It’s a nightmare when any of these happen:
- your credit card gets stolen;
- your emergency savings disappear; or
- you find out that you just gave your password to a scammer.
Scammers are working full-time to steal passwords and break into everyone’s bank accounts, online shopping accounts, and even social media accounts. In this digital age, information—from our passwords to our social media posts—can be used to compromise and steal our hard-earned money.
According to one study, $1 trillion are stolen by cyber criminals every year from banks worldwide. So, it’s important to NEVER take your personal information (name, address, place of work, school, etc.) and your passwords for granted. High-tech criminals are waiting to target you and gain access to you and your loved ones’ bank, credit card, and other financial accounts.
For their part, banks, like BDO, are not only constantly strengthening their infrastructure, they are also sharing helpful information to teach and empower account holders like you to outsmart scammers and not fall victim to their schemes.
So, while cyber criminals spend their time, resources, and technology to try and steal your information and money, there are ways you can curb scams and protect yourself.
Don’t believe fakes and copycats.
Scammers are very good at copying logos, websites, and all the other markings and images—including BDO’s—to convince you that it’s really the bank that’s communicating with you. If you don’t double-check, you might get fooled.
You might receive a text message or email from BDO. It looks very convincing, especially at first look. It uses BDO’s letterhead or logo. It may even have the signature or photo of a bank official.
Don’t believe it right away. Be skeptical and do some more checking if it’s genuine.
For starters, it may be wise to take note that any legitimate e-mail from BDO should have the @bdo.com.ph domain—no more, no less. Otherwise, it’s fake.
If you are told, “Urgent! Immediate action required!” or “Emergency Notice: Your bank account has been hacked. We are fixing your security issues” or “Please verify your account or it will be suspended.” Such messages are meant to make you panic and lose your presence of mind to trick you into blindly following a scammer’s instructions.
Alternatively, the scammer might send a notice that you won a certain prize or are eligible for some sort of discount or benefit from BDO. Don’t believe such good news right away.
When you receive messages like these or are unsure of those you get, report it to BDO at [email protected] or 02-8631-8000 (for Metro Manila). You can also reach your bank on Messenger. Just log in and look for BDO Customer Care with the blue verified checkmark from Facebook.
Don’t click on any links.
If you receive a suspicious message, NEVER click on any link that is sent with that message, whether it’s an email or a text message, or a chat message on social media.
Clicking on a link, no matter how harmless the link looks, is like opening your house’s front door to robbers. Once you click a link, you are letting scammers do all sorts of harm, not only to your computer, but to your life as well.
Scammers send links to gather your private data and using your identity, access your savings, credit card, or online shopping accounts to make transactions on your behalf.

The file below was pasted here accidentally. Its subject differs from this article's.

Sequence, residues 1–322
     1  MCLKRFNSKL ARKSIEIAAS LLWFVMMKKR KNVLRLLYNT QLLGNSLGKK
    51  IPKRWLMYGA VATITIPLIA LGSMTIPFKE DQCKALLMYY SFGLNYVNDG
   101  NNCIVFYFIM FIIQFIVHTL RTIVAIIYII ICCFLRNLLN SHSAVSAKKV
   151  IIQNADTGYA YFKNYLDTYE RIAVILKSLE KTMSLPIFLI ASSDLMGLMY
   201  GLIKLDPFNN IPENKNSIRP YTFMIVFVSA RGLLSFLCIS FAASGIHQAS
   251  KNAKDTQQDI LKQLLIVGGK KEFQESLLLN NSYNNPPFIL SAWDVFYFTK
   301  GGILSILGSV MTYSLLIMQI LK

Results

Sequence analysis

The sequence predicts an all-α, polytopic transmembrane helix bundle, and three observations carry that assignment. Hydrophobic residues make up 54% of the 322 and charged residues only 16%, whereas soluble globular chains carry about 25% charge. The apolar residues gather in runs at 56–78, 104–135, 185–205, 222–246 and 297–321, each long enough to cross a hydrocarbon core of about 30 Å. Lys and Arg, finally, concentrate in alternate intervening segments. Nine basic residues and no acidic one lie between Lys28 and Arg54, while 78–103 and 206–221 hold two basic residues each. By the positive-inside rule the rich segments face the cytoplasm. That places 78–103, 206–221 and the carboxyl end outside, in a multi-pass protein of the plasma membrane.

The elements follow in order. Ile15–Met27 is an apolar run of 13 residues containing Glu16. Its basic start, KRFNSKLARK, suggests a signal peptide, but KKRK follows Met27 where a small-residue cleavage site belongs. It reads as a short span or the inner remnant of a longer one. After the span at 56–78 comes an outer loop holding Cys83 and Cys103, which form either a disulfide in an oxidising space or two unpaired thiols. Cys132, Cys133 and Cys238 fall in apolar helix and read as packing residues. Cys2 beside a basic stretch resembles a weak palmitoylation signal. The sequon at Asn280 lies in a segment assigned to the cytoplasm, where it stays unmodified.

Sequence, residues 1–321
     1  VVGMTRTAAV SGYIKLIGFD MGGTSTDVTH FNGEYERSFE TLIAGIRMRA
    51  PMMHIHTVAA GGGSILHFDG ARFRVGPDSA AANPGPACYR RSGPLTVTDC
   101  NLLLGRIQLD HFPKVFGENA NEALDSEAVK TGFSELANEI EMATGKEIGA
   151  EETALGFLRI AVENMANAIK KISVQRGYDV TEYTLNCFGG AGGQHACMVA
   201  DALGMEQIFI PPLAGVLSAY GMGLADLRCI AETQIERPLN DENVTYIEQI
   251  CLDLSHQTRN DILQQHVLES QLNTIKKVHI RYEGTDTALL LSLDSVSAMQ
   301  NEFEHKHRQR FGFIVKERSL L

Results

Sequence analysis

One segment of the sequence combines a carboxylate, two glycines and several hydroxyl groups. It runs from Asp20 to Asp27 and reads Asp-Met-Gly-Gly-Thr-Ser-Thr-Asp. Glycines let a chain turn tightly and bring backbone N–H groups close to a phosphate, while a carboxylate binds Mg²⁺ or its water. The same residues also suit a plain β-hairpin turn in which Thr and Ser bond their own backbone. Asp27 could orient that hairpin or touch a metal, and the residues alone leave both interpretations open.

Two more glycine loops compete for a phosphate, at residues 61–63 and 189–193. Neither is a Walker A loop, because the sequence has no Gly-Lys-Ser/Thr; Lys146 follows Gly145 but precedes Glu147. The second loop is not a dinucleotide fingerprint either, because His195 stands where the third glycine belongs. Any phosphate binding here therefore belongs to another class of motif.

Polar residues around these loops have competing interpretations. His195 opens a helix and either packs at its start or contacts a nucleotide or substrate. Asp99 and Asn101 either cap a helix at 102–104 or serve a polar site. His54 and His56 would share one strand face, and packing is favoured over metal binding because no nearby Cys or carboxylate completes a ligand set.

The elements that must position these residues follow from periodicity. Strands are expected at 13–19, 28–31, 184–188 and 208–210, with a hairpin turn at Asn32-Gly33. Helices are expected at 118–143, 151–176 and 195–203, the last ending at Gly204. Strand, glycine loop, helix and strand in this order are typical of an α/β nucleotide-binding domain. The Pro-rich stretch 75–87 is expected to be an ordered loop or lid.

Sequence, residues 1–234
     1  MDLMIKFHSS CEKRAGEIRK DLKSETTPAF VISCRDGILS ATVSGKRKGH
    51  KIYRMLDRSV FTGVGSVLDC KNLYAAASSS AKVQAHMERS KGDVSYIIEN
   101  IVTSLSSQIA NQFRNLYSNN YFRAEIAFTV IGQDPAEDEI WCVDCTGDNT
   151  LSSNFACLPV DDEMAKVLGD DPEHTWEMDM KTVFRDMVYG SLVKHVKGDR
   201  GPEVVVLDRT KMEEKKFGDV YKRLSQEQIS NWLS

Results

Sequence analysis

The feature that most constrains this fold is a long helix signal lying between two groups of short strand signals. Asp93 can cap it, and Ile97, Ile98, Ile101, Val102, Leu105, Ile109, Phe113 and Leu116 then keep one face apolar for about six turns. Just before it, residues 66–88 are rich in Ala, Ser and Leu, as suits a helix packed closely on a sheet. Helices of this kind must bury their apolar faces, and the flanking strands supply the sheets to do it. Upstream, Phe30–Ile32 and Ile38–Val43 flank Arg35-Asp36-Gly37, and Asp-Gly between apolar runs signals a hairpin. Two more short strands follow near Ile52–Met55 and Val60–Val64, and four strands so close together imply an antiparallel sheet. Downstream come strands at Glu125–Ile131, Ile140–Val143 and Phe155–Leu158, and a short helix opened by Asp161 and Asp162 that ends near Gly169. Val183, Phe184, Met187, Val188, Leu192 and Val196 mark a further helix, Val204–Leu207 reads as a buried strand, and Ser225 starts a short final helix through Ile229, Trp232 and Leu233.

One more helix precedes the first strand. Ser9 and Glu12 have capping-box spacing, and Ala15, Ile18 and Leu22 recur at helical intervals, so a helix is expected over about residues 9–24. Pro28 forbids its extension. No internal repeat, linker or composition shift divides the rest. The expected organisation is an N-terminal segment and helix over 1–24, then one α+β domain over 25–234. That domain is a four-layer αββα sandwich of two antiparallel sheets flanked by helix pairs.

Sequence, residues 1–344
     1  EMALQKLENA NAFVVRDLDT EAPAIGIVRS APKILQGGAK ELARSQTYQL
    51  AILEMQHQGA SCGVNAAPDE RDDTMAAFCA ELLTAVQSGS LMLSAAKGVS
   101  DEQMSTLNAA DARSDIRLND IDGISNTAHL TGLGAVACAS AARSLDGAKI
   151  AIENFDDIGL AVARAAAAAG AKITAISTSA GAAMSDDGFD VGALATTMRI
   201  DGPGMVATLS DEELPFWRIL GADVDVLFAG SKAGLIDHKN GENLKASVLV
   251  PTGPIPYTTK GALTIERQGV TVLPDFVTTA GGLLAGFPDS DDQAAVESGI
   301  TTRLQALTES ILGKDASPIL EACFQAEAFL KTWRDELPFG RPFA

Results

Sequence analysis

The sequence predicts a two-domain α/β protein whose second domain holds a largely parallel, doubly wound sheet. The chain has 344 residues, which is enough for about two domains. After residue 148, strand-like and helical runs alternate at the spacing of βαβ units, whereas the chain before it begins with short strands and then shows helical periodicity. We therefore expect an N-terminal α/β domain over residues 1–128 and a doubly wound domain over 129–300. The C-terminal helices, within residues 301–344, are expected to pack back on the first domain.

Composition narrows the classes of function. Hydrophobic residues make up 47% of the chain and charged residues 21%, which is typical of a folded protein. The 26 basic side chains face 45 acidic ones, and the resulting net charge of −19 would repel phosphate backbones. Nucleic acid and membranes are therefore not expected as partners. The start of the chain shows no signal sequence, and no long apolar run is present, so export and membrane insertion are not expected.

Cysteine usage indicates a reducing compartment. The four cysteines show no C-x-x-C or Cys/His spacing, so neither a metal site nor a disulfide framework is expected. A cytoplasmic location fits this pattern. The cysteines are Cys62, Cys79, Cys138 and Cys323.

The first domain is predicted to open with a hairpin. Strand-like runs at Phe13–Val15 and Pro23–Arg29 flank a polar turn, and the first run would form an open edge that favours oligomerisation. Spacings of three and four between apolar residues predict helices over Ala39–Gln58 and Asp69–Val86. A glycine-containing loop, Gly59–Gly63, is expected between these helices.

Remember this: BDO will NEVER send you links through text messaging or email and ask you to provide your personal information or complete a transaction.
Don’t share your personal information with anybody, online and offline.
Personal data should always be private. Information like our names, birthdays, anniversaries, home and office addresses, passwords, ATM pins, One-Time Pins (OTPs), social security, bank or credit card numbers, and even data related to our education and schooling or our workplace—these and more can be used by hackers to break into our bank account.
With that level of potential harm, we should never carelessly share our personal information to a website, or send these to someone via text message, email, or chat.
Nowadays, scammers are able to create fake websites that pretend to be BDO’s, online shopping sites, or other legitimate institutions. Once we get tricked to log-in to these fake websites, they will be able to get more of our data and use it for illegal transactions.
So, never click on any links to websites if these are sent through email. Instead, check on the supposed sender of the email and type the web address of the bank, institution, or agency.
For example, if the sender is supposedly BDO, do an online search of the bank’s official website. BDO’s one and only website, www.bdo.com.ph, will provide you with the genuine and official email address.
But, let’s say you’ve already opened a website that looks genuine; just remember this rule of thumb: BDO will NEVER ask you to give your bank account numbers; credit card numbers as well as its expiry date and CVV; online banking login information, such as username and password; or even OTPs.
If you encounter a website that asks you to input such personal information, you can be sure that it’s fake. Don’t share your data.
We Filipinos believe that “sharing is caring.” But that doesn’t apply for usernames, passwords, OTPs, and other sensitive personal information. In this case, it’s best to keep such information only to yourself. And yes, even from your loved ones.
Eye on the ball
Remember, you are the first line of defense against scammers. If you do your part, we can reduce the cases of bank fraud and other illegal online transactions, and save each other from heartache, stress, and financial losses. If you have concerns regarding bank fraud and related matters, go to www.bdo.com.ph for more information.